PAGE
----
Hypothesis mcu_no_square : forall x : K, x^+2 != (M#a)^+2 - 4%:R.
\end{lstlisting}
......@@ -191,7 +198,8 @@ With those coordinates we prove the following lemmas for the addition of two poi
\end{definition}
\begin{lemma}
\label{lemma-add}
Let $M_{a,b}(\K)$ be a Montgomery curve such that $a^2-4$ is not a square, and let $X_1, Z_1, X_2, Z_2, X_3, Z_3 \in \K$, such that $(X_1,Z_1) \neq (0,0)$, $(X_2,Z_2) \neq (0,0)$, $X_4 \neq 0$ and $Z_4 \neq 0$.
Let $M_{a,b}(\K)$ be a Montgomery curve such that $a^2-4$ is not a square, and
let $X_1, Z_1, X_2, Z_2, X_3, Z_3 \in \K$, such that $(X_1,Z_1) \neq (0,0)$, $(X_2,Z_2) \neq (0,0)$, $X_4 \neq 0$ and $Z_4 \neq 0$.
Define
\begin{align*}
X_3 &= Z_4((X_1 - Z_1)(X_2+Z_2) + (X_1+Z_1)(X_2-Z_2))^2\\
......@@ -235,13 +243,15 @@ then for any point $P_1$ and $P_2$ on $M_{a,b}(\K)$ such that $X_1/Z_1 = \chi(P_
With those coordinates we also prove a similar lemma for point doubling.
\begin{lemma}
\label{lemma-double}
Let $M_{a,b}(\K)$ be a Montgomery curve such that $a^2-4$ is not a square, and let $X_1, Z_1, X_2, Z_2, X_3, Z_3 \in \K$, such that $(X_1,Z_1) \neq (0,0)$. Define
Let $M_{a,b}(\K)$ be a Montgomery curve such that $a^2-4$ is not a square, and
let $X_1, Z_1, X_2, Z_2, X_3, Z_3 \in \K$, such that $(X_1,Z_1) \neq (0,0)$. Define
\begin{align*}
c &= (X_1 + Z_1)^2 - (X_1 - Z_1)^2\\
X_3 &= (X_1 + Z_1)^2(X_1-Z_1)^2\\
Z_3 &= c\Big((X_1 + Z_1)^2+\frac{a-2}{4}\times c\Big),
\end{align*}
then for any point $P_1$ on $M_{a,b}(\K)$ such that $X_1/Z_1 = \chi(P_1)$, we have $X_3/Z_3 = \chi(2P_1)$.
then for any point $P_1$ on $M_{a,b}(\K)$ such that $X_1/Z_1 = \chi(P_1)$,
we have $X_3/Z_3 = \chi(2P_1)$.
\end{lemma}
% Which is formalized as follow:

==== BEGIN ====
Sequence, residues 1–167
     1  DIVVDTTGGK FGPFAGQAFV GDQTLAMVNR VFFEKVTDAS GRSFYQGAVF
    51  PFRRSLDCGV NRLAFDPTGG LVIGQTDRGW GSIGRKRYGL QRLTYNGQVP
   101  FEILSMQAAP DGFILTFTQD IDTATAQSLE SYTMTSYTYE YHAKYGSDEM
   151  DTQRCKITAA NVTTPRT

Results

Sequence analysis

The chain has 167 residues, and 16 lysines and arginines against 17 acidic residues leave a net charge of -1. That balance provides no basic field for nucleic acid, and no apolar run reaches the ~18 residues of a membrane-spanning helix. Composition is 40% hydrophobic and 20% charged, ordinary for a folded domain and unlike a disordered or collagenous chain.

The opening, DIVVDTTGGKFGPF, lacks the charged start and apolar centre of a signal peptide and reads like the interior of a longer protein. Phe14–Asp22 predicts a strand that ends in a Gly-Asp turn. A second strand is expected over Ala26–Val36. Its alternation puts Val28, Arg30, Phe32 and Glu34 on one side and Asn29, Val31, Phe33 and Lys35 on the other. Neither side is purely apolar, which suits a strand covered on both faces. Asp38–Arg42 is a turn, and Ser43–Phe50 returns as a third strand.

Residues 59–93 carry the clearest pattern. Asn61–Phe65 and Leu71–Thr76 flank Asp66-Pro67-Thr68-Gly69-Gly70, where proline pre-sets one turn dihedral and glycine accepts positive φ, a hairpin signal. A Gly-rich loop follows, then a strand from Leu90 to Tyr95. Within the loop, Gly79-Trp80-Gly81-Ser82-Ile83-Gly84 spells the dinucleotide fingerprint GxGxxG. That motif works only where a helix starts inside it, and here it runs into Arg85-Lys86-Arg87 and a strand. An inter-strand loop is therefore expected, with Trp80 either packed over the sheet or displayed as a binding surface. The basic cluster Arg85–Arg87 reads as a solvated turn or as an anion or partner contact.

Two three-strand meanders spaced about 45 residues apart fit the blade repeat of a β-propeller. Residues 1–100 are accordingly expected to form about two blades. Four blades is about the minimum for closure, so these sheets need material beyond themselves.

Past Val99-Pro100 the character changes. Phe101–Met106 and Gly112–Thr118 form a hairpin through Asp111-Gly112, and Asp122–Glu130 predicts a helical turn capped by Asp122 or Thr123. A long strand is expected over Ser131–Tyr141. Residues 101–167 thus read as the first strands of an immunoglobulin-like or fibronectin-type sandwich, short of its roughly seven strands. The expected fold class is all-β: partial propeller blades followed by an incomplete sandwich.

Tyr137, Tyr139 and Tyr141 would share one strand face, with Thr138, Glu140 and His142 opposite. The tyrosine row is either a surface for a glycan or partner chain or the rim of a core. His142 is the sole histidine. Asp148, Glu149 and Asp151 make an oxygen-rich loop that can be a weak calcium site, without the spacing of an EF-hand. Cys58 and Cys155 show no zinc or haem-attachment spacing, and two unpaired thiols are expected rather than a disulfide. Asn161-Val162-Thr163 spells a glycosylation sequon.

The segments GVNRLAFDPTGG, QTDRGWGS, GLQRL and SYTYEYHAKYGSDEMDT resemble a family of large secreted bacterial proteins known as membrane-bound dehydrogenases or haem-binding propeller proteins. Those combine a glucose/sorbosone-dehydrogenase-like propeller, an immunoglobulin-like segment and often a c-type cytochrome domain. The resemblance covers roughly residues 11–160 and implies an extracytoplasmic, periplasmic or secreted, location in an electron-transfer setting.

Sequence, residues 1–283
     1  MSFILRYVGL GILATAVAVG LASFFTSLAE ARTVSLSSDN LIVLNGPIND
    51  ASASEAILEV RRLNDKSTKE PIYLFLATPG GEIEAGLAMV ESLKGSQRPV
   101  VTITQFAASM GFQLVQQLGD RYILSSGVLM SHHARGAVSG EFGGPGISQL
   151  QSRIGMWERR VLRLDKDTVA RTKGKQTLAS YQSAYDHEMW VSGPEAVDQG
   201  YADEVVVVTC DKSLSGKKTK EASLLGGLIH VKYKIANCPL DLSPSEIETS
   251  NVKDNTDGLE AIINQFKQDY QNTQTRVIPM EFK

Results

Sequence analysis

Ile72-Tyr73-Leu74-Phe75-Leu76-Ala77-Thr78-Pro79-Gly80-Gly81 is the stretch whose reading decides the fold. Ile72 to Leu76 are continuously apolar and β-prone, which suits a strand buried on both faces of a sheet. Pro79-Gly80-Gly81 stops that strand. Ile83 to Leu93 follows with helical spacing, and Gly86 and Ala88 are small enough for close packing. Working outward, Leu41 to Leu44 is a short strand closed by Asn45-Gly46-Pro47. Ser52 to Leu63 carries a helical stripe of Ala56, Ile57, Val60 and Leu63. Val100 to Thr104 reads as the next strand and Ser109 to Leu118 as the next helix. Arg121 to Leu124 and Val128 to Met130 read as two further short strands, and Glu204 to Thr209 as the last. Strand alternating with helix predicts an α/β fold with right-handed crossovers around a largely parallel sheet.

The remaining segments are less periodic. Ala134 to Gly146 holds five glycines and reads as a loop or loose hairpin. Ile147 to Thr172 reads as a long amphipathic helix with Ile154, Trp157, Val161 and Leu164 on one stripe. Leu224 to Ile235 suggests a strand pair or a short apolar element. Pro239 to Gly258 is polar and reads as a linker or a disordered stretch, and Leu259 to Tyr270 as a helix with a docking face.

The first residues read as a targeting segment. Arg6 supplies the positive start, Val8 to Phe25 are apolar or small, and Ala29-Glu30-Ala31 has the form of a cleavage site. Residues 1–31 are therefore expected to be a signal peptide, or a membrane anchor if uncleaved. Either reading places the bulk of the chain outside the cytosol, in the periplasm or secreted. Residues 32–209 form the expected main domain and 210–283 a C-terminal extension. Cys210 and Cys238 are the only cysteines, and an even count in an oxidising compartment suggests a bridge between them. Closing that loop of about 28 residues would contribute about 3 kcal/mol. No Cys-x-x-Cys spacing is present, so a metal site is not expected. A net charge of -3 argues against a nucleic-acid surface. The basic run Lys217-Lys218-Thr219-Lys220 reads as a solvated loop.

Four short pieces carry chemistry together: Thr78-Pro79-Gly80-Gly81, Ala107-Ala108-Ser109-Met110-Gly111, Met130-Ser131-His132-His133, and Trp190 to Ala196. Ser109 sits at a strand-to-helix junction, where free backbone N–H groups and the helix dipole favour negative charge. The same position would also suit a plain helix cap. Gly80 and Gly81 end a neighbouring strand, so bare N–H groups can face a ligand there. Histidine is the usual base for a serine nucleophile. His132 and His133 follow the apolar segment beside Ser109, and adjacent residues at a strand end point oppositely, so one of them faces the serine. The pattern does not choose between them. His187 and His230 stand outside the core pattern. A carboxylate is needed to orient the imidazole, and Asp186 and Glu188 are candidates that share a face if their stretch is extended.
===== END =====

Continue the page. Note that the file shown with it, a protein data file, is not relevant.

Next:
% \begin{lstlisting}[language=Coq]
......@@ -256,38 +266,43 @@ then for any point $P_1$ on $M_{a,b}(\K)$ such that $X_1/Z_1 = \chi(P_1)$, we ha
% (p \+ p)#x = inf_div x3 z3.
% \end{lstlisting}
With these two lemmas (\ref{lemma-add} and \ref{lemma-double}), we have the basic tools to compute efficiently additions and point doubling on projective coordinates.
With these two lemmas (\ref{lemma-add} and \ref{lemma-double}), we have the basic
tools to compute efficiently additions and point doubling on projective coordinates.
\subsubsection{Scalar Multiplication Algorithms}
\label{ladder}
Suppose we have a scalar $n$ and a point $P$ on some curve. The most straightforward way to compute $nP$ is to repetitively add $P$ \ie computing $P + \ldots + P$.
However there is an more efficient algorithm which makes use of the binary representation of $n$ and by combining doubling and adding and starting from $\Oinf$.
Suppose we have a scalar $n$ and a point $P$ on some curve. The most straightforward
way to compute $n \cdot P$ is to repetitively add $P$ \ie computing $P + \ldots + P$.
However there is an more efficient algorithm which makes use of the binary